One quote by Benton Mackay struck some depth for me, when I was a short way into the book. “High and dry above the stupendous detail of our job, we should hold the reason for it all. This not to cut a path and then say ‘Aint’ it beautiful.’ Our job is to open a realm.”

If you are interested in the history of the people who had the inspiration and drive to complete the Appalachian Trail, of their many human qualities, and how their accomplishments fit into the wider scope of modern day conservation, you should go see Jeffery Ryan at White Birch Books Saturday, Nov. 18, at 2 p.m., listen to him and perhaps be inspired to buy his book. His previous book “Appalachian Odyssey" will also be available.

Finally, I’m going to give you a suggestion for a short hike on the Appalachian Trail out of Pinkham Notch.

To me, the short 1-mile walk to Lost Pond is quintessential White Mountains. Park at the AMC Pinkham Notch Camp on Route 16. Walk across the highway to the trail sign for Lost Pond. A board walk to a bridge with bring you to a rolling trail south, which soon reaches the Cutler River. The trail follows it for a way then rises to Lost Pond. Be sure to walk along the pond half way to a flat rock for natural viewing. Across the pond rises Mount Washington. Huntington Ravine is squarely facing you. A beaver lodge is on the other shore.

Knights of Columbus Council 506 received Columbian Award

Berlin/Gorham Knights of Columbus Council 506 was recently notified that it received the very prestigious Columbian Award. This award has been presented to Council 506 three years in a row.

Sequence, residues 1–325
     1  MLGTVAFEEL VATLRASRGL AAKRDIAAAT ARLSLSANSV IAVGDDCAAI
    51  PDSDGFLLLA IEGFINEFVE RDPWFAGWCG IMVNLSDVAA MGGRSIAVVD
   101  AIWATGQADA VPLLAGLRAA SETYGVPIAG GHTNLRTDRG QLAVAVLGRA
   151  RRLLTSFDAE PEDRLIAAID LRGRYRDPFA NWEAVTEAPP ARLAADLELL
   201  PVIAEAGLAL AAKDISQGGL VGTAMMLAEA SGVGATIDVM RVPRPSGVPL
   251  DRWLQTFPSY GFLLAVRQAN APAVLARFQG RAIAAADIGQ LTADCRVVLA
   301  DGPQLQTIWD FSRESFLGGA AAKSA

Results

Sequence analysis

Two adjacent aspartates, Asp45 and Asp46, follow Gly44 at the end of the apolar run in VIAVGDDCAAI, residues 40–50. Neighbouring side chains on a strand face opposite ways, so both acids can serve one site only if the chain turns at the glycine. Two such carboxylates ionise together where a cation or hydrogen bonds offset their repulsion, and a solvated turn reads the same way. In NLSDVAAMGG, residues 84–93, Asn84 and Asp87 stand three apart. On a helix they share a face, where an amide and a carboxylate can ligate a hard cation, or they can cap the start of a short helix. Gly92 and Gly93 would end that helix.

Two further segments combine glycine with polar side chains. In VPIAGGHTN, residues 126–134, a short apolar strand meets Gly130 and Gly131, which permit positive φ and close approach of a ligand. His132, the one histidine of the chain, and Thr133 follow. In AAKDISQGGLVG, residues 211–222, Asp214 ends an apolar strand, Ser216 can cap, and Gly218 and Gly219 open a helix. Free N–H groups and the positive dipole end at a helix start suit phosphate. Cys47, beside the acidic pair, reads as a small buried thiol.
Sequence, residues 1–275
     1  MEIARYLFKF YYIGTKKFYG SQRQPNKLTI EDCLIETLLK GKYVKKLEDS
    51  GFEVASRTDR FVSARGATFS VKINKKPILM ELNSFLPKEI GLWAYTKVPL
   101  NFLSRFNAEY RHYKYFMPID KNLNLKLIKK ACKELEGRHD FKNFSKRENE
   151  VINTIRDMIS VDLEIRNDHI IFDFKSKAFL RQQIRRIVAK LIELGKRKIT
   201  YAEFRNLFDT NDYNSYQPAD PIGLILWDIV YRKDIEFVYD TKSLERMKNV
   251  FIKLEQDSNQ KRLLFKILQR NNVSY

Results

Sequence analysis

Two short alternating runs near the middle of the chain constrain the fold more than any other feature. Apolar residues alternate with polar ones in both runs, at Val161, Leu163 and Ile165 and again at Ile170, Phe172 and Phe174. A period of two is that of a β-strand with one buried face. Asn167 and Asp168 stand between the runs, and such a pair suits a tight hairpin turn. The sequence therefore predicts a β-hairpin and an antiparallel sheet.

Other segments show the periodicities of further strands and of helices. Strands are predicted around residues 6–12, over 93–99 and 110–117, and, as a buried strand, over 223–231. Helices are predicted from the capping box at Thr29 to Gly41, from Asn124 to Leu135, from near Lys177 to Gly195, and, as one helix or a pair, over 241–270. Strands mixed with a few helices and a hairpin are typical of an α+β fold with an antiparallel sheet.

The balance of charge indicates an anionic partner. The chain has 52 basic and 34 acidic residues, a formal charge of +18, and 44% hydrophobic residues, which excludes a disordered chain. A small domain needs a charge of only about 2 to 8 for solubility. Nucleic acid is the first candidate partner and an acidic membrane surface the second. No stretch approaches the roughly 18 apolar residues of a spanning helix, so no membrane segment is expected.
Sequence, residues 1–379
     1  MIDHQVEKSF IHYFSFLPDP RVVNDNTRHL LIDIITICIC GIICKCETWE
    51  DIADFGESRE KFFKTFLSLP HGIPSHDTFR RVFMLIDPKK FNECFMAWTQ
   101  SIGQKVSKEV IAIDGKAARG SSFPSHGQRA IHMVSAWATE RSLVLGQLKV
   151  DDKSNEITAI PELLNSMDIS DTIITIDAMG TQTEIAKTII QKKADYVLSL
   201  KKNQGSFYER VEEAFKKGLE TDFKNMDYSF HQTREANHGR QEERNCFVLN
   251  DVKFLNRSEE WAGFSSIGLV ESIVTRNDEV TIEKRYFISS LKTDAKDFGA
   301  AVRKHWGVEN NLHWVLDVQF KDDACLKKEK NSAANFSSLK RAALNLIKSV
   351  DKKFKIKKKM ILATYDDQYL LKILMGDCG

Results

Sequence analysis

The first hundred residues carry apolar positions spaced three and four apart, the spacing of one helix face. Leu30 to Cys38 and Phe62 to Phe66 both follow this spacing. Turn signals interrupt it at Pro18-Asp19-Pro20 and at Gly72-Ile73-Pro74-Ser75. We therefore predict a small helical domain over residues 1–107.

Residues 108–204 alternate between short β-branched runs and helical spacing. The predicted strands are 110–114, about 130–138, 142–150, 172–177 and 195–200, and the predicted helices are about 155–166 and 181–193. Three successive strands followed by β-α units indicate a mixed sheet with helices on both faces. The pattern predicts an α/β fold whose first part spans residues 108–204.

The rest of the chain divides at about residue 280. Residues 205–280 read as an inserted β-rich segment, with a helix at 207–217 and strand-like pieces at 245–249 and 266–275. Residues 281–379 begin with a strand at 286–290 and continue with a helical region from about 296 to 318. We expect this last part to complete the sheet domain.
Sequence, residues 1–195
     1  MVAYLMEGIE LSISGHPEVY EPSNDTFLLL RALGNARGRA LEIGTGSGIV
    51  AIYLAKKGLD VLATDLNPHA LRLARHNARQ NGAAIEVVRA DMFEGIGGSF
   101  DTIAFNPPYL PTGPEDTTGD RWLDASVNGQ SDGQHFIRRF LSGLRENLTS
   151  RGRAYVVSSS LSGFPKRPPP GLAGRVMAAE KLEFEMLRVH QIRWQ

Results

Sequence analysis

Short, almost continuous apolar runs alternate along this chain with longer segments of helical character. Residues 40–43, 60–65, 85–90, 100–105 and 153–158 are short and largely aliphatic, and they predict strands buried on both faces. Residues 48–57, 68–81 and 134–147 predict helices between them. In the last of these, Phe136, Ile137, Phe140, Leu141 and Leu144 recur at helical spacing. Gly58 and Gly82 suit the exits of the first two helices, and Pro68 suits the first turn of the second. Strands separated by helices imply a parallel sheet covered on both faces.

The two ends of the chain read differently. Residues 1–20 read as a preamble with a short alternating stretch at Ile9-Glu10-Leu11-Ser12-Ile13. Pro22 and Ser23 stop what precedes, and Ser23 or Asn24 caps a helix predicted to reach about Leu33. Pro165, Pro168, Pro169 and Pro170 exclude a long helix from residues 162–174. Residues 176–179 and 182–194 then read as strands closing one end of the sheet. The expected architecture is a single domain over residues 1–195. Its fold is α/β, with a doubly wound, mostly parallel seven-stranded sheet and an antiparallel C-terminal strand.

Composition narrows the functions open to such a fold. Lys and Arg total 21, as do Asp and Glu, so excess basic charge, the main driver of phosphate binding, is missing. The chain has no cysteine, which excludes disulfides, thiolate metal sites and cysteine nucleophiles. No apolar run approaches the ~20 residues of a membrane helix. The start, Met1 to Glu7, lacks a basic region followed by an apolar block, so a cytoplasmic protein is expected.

Grand Knight Don Huot proudly explained that the Columbian Award is given for excellence in volunteer programming activities in church, community, council, culture of life, family and youth.

Along with the award, Huot received a letter of congratulations from Carl A. Anderson, supreme knight, of New Haven, Conn.

Anderson said, “On behalf of my fellow supreme officers and board of directors, please accept my sincere congratulations upon attaining this prestigious award. The dedication to the principles and aims of the order shown by your officers and members is exemplified by the high standards of excellence you have achieved. May this award be a reminder and an inspiration to the members of your council to continue to promote the ideas of Columbianism for the good of the church, your community and the order. I encourage you to continue your hard work and enthusiasm to meet the challenges of this new fraternal year.”

If you are interested in learning about the Knights of Columbus or are interested in becoming a member, call Don Huot at (603) 723-6745.